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  • Procopius, for instance, if he was not actually a Pagan, was certainly very little of a Christian.

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  • The difficulty of arriving at a fair conclusion is increased by the fact that Procopius, who is our chief authority for the events of his reign, speaks with a very different voice in his secret memoirs (the Anecdota) from that which he has used in his published history, and that some of the accusations contained in the former work are so rancorous and improbable that a certain measure of discredit attaches to everything which it contains.

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  • Procopius, De Aedificiis and the poem of Paulus Silentiarius on the dedication of St Sophia should be read in connexion with this subject.

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  • The authorities for the history of Alboin are Procopius, Paulus Diaconus and Agnellus (in his history of the church of Ravenna).

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  • Justinian made an effort to revive it, and Procopius describes his repairing of the walls; but its glory was past.

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  • Zarib, whose name is associated with Tadmor and with a town on the right bank of the Euphrates, which is no doubt the Zenobia of which Procopius speaks as founded by the famous queen.

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  • The chief original authorities are Ammianus Marcellinus, Priscus, J ordanes, Procopius, Sidonius Apollinaris and Menander Protector.

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  • A little farther on, upon the crest of the Appenines, he was met by Totila, who had advanced as far as Tadini, called by Procopius Tagina.

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  • Our best authorities for his life are his contemporaries Procopius and Agathias.

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  • A revolt headed by Procopius in the second year of his reign, and backed up by the public opinion of Constantinople and the sympathy of the Gothic princes and chiefs on the Danube, seemed so alarming to him that he thought of negotiation; but in the following year the revolt collapsed before the firmness of his ministers and generals.

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  • The descriptions of the contemporary writers Procopius, Evagrius and Gregory of Tours are quite unmistakable.

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  • In the 6th century it is called by Procopius the chief town of Picenum, Ancona being spoken of as its harbour.

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  • A portion of the nation is, however, said to have remained behind, and Procopius tells a story that these remnants sent an embassy to Gaiseric, asking that their kinsfolk in Africa should renounce their claims to the lands which their forefathers had held in the old homes of the race.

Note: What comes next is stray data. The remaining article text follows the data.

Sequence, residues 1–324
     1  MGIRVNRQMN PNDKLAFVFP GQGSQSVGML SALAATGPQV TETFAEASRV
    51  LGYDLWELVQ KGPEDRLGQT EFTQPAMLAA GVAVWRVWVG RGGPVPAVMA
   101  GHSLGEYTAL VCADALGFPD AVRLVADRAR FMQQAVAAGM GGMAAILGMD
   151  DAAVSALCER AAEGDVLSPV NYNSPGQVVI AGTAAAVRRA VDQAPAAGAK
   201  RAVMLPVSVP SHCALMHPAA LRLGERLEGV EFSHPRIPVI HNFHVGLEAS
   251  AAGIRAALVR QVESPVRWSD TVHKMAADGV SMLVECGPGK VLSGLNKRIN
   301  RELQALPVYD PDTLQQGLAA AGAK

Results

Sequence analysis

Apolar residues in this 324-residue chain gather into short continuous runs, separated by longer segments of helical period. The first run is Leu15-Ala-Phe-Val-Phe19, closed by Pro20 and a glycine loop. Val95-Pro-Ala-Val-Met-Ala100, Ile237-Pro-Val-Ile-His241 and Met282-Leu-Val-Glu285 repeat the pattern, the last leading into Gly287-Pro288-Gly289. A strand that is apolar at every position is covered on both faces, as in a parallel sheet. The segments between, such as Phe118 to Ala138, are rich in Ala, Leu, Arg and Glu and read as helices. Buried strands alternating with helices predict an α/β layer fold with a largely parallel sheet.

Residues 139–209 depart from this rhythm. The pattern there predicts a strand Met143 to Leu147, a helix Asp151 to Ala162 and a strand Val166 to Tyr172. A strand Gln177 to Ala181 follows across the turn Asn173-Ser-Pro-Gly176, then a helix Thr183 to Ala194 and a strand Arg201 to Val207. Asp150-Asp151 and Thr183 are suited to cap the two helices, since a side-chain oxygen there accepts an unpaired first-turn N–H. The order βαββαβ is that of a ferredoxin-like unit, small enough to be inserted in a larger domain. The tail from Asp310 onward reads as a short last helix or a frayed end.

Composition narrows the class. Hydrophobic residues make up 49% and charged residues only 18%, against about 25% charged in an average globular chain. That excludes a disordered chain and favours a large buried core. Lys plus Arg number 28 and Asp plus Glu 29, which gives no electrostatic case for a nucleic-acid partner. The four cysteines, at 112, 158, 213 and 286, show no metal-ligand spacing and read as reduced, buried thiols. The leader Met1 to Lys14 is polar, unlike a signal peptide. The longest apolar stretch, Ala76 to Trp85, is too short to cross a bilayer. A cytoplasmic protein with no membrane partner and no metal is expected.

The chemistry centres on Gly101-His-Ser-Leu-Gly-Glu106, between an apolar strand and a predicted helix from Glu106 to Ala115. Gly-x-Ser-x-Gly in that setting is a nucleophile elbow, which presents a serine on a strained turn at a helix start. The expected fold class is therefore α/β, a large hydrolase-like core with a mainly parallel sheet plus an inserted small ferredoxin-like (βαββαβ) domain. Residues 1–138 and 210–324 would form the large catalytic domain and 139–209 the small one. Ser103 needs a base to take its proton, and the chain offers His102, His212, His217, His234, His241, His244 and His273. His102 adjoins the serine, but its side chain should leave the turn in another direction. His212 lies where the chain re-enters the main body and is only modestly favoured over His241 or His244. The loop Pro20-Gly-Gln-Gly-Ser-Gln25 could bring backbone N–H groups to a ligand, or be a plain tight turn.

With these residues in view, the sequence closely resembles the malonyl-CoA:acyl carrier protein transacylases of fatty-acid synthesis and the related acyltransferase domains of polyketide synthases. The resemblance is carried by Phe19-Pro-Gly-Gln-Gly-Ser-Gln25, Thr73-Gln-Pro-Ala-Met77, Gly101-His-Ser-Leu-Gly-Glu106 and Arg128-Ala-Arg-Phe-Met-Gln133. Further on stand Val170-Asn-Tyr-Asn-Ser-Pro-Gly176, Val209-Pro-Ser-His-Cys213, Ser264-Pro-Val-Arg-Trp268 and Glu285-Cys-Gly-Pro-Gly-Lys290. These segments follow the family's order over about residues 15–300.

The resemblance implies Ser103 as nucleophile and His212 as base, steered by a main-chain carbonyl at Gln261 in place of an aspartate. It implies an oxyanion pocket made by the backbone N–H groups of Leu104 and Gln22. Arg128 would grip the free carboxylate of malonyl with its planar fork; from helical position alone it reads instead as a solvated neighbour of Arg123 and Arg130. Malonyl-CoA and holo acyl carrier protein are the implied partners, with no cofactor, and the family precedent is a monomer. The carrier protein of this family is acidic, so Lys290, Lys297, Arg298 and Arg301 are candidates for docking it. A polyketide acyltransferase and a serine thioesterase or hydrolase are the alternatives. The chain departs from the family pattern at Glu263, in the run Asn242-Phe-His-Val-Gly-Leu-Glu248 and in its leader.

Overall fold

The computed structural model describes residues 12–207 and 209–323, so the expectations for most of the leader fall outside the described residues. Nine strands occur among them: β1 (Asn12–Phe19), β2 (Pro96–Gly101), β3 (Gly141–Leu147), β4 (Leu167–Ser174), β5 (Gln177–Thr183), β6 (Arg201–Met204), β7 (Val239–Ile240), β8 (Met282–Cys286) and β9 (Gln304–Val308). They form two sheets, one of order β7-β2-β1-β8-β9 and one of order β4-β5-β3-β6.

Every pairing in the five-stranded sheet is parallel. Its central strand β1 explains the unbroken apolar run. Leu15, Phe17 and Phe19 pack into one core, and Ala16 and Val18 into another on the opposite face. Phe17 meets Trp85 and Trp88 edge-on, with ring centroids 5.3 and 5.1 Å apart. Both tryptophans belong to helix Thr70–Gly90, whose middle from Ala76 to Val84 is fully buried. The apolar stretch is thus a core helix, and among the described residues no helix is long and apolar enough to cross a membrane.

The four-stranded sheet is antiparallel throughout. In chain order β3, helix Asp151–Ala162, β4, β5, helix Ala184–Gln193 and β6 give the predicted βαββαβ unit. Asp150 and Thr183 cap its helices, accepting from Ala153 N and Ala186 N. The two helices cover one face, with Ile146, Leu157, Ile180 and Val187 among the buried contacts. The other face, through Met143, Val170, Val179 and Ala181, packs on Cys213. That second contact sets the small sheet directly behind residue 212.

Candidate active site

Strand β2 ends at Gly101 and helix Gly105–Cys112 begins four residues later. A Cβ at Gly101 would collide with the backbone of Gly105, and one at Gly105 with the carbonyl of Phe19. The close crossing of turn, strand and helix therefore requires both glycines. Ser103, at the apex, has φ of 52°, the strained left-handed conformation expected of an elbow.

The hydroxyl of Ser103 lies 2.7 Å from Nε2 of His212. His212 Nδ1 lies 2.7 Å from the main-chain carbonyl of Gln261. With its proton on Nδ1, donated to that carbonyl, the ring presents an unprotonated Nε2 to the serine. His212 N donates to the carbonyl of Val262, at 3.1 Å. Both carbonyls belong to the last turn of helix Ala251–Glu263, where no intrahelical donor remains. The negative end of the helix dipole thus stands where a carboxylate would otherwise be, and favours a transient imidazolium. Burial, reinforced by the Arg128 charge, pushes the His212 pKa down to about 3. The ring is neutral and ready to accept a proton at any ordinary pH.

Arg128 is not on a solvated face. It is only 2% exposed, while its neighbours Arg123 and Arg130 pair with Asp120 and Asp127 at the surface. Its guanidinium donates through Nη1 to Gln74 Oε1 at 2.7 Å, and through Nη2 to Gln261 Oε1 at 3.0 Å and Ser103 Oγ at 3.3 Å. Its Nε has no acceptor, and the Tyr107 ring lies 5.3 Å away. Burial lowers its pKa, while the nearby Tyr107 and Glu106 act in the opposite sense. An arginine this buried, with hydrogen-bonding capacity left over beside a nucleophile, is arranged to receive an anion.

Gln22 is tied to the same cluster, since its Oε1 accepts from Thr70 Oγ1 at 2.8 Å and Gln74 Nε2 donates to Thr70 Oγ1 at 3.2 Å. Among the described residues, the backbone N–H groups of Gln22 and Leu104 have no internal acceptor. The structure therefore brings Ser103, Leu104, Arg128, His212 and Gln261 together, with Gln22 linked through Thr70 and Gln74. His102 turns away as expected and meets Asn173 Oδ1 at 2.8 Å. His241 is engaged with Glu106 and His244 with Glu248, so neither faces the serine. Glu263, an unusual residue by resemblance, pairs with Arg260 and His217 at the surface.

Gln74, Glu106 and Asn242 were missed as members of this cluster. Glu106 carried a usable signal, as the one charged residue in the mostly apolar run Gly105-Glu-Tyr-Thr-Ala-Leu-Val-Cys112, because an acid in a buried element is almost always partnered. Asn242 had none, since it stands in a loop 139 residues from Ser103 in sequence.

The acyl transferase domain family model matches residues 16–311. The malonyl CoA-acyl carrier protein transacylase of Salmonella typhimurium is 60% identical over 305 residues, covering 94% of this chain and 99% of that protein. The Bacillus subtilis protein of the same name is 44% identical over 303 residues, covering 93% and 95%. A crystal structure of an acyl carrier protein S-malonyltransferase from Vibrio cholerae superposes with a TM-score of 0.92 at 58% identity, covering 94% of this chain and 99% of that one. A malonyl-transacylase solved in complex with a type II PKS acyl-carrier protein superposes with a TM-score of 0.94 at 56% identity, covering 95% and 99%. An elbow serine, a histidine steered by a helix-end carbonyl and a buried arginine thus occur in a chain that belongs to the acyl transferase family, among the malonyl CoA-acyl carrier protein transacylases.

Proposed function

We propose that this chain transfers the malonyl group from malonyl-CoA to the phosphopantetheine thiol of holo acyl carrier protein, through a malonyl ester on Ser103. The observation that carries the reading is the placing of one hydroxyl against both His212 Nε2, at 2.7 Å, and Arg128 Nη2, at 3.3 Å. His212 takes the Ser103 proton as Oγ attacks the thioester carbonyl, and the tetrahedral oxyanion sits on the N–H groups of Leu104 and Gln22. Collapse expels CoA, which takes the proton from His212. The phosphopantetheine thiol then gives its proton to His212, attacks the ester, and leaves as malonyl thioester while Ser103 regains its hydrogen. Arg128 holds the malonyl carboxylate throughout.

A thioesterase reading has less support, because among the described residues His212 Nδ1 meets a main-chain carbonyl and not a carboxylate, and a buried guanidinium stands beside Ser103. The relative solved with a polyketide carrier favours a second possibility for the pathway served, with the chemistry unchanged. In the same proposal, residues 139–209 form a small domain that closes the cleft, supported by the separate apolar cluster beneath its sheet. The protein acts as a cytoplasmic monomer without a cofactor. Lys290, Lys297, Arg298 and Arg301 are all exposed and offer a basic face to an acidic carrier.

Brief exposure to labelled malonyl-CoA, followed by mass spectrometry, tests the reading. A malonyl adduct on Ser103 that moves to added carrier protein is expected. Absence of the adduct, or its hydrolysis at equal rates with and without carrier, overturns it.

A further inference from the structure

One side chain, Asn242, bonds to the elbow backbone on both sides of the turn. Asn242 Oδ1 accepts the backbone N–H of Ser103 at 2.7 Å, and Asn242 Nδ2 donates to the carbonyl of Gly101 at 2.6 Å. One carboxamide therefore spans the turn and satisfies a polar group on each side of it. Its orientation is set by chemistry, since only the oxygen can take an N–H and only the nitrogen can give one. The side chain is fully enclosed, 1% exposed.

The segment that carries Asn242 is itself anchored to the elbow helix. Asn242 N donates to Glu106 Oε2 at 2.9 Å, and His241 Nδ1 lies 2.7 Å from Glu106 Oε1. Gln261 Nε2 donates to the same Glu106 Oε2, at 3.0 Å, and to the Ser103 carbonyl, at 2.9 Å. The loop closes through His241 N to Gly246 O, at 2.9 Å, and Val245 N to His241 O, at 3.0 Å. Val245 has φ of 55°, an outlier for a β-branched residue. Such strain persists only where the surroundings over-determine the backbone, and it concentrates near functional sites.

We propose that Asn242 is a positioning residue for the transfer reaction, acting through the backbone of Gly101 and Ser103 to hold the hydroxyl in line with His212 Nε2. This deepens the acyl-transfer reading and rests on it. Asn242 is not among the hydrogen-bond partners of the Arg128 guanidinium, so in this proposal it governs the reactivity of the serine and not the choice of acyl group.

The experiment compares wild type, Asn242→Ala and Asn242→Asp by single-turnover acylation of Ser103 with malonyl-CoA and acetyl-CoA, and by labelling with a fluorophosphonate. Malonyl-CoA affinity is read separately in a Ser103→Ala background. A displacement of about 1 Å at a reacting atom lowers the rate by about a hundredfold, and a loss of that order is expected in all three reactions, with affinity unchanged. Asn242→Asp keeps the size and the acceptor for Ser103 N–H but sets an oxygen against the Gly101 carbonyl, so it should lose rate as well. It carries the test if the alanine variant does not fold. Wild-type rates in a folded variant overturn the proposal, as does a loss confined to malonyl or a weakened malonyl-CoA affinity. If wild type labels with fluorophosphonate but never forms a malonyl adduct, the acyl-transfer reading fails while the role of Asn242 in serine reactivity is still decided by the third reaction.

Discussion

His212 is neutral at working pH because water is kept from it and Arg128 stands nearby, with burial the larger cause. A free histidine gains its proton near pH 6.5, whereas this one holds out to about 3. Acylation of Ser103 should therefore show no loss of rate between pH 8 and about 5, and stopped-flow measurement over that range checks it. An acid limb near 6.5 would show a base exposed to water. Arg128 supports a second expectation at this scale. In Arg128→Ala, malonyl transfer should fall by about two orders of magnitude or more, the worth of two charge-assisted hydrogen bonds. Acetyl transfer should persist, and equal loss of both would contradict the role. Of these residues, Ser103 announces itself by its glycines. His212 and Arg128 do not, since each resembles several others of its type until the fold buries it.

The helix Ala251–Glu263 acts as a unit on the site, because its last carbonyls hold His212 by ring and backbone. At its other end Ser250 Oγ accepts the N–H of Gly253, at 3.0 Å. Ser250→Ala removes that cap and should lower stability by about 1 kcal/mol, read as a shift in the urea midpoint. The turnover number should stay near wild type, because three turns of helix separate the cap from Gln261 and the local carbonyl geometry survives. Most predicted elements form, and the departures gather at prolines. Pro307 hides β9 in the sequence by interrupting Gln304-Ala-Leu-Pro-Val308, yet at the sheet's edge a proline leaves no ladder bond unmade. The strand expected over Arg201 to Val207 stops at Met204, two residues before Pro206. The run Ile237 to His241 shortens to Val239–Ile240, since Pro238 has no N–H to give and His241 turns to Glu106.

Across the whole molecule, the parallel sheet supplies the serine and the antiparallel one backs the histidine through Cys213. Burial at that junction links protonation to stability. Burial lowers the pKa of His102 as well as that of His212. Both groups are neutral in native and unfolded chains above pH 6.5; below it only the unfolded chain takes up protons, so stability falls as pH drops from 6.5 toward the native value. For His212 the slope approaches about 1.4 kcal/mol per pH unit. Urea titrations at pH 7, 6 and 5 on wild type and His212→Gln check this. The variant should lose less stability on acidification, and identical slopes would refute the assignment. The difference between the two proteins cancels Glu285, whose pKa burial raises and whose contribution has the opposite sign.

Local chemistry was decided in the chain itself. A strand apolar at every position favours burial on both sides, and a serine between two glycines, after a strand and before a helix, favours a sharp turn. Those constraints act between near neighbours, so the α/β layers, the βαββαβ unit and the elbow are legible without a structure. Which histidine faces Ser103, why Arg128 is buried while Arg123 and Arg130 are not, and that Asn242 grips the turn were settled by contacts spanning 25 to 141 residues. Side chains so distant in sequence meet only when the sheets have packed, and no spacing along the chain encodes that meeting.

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  • A great expedition under the command of Belisarius (in whose train was the historian Procopius) sailed from the Bosporus in June 533, and after touching at Catana in Sicily finally reached Africa in the beginning of September.

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  • In some later writers (Procopius, &c.) Thule seems sometimes used to denote Scandinavia.

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  • For the origin of the Goths can hardly be separated from that of the Vandals, whom according to Procopius they resembled in language and in all other respects.

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  • As to what was going on beyond it, we have but a few casual gleams of light, just enough to make the darkness visible, from writers such as the author of the life of St Germanus, Prosper Tiro, Procopius, and Gregory of Tours.

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  • Some of the details given by Procopius, in regard for instance to the treatment of infants, show that his informant was acquainted with certain characteristic customs of the Lapps.

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  • Procopius saves his most bitter invective for two women.

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  • It included, besides Hearne's Ductor historicus and the successive volumes of the Universal History, which was then in course of publication, Littlebury's Herodotus, Spelman's Xenophon, Gordon's Tacitus, an anonymous translation of Procopius; "many crude lumps of Speed, Rapin, Mezeray, Davila, Machiavel, Father Paul, Bower, &c., were hastily gulped.

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  • Wicking); Justinian in 527 furnished it with an aqueduct, and built the wall of which the ruins still remain (Procopius, De aedif, ii.

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  • In the Anecdota Procopius adds as an illustration of Justinian's vanity the story that he took in good faith an observation made to him by Tribonian, while sitting as assessor, that he (Tribonian) greatly feared that the emperor might some day, on account of his piety, be suddenly carried up into heaven.

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  • Owing to the ferocity and brutality of the attacks upon Justinian, the authenticity of the Anecdota has often been called in question, but the claims of Procopius to the authorship are now generally recognized.

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  • Bury (who agrees with Ranke in rejecting the authorship of Procopius) A History of the Later Roman Empire (1889), vol.